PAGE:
Mozilla, keeping to its promise, has finally released Firefox Send, an encrypted file-sharing service to all Android users worldwide.
It was only weeks ago the company launched the web version – after several months of testing – that allows users to send up to 2GB worth of files by simply sharing an encrypted web address. It had promised to release an Android version for testers and it had done so.
Firefox Send, now on Android, pretty much works the same way as the web browser version.
Android users can now use the app to share 1GB files fully protected by encryption, without having to create or sign in with a Firefox account.
While files stored on the phone including pictures, documents and videos can be sent, the app also permits access to any files that have been stored on cloud accounts like Google Drive and Dropbox that have been synced to the device.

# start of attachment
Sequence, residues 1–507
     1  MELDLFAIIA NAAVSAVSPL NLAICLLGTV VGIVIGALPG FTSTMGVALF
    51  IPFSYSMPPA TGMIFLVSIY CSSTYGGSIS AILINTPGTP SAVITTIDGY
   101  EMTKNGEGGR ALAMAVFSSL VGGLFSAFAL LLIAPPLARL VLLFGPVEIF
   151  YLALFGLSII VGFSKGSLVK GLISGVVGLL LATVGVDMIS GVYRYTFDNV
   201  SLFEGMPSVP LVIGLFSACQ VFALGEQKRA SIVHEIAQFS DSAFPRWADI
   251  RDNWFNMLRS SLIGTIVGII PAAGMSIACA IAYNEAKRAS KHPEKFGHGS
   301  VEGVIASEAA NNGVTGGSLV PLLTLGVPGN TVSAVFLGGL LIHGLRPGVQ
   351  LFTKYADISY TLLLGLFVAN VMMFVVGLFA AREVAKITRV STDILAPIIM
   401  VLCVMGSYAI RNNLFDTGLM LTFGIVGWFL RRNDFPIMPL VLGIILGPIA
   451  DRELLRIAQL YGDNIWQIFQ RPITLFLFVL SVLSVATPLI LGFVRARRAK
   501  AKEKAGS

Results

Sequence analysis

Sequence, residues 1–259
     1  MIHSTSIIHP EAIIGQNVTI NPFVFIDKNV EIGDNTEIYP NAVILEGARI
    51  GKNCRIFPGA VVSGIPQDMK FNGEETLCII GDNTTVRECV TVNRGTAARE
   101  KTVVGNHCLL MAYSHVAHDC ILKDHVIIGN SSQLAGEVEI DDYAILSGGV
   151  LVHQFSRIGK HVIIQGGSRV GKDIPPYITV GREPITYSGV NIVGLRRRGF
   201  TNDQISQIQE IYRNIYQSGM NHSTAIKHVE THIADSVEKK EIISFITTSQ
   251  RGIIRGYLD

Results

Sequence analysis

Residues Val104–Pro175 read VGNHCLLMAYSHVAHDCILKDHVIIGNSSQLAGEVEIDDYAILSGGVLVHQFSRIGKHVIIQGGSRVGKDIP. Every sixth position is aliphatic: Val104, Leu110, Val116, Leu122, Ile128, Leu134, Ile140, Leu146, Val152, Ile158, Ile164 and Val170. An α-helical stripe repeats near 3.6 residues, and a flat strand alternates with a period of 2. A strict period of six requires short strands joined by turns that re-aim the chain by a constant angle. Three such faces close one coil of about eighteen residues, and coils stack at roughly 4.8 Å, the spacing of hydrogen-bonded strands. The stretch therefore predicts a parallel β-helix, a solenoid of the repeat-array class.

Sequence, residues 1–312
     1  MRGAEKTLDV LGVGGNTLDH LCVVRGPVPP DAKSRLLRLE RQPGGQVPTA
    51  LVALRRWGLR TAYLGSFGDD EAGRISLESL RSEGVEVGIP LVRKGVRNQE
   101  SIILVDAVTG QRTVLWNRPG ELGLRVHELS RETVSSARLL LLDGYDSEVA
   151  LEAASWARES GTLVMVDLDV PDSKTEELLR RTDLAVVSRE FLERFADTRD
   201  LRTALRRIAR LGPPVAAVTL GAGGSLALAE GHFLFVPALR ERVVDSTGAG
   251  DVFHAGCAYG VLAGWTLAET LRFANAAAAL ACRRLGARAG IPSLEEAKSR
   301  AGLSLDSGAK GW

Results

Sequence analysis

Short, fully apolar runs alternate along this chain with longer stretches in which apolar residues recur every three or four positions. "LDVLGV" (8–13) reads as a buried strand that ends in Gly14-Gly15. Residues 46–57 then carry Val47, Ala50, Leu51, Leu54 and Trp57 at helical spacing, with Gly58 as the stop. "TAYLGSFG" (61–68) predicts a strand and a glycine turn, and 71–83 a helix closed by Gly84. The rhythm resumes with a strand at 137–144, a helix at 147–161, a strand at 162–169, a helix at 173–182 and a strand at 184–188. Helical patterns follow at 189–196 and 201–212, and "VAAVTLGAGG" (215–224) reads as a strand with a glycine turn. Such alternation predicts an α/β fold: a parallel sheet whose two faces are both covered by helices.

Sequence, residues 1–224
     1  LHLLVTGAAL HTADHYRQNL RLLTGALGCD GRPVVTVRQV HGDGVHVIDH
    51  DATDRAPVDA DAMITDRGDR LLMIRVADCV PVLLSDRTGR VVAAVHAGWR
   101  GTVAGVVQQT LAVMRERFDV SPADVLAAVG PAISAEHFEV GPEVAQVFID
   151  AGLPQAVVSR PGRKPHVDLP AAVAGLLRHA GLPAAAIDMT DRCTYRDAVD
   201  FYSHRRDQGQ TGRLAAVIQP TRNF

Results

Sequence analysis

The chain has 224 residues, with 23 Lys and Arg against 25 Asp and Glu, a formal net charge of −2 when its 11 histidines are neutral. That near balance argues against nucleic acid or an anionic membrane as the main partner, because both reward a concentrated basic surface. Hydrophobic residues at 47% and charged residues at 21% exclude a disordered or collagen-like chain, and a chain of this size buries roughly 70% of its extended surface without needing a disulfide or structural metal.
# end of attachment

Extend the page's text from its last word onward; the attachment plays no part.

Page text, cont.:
Once the files have been selected, a link will appear which allows the user to manually share it anywhere or a share button on the next screen that allows users to share the link to numerous apps including Slack, Gmail, and Twitter.
Users without a Firefox account will encounter some limitations: their recipient would only be allowed to download from a link only once, with the link expiring in 24 hours. Whereas, registered Firefox users will have access to a file size limit of 2GB to be downloaded within a time range of 5 minutes to 1 week.
While other similar service exists, Mozilla is pitching the Firefox Send as an ephemeral, privacy-focused alternative, with end-to-end encryption and granular controls.
It is unclear if the service will be coming to iOS users as an app. Mozilla had stated that it would review usage for the service on Android and determine if there would be an iOS launch.
Albeit, iPad and iPhone users can simply go to the mobile site to use the service.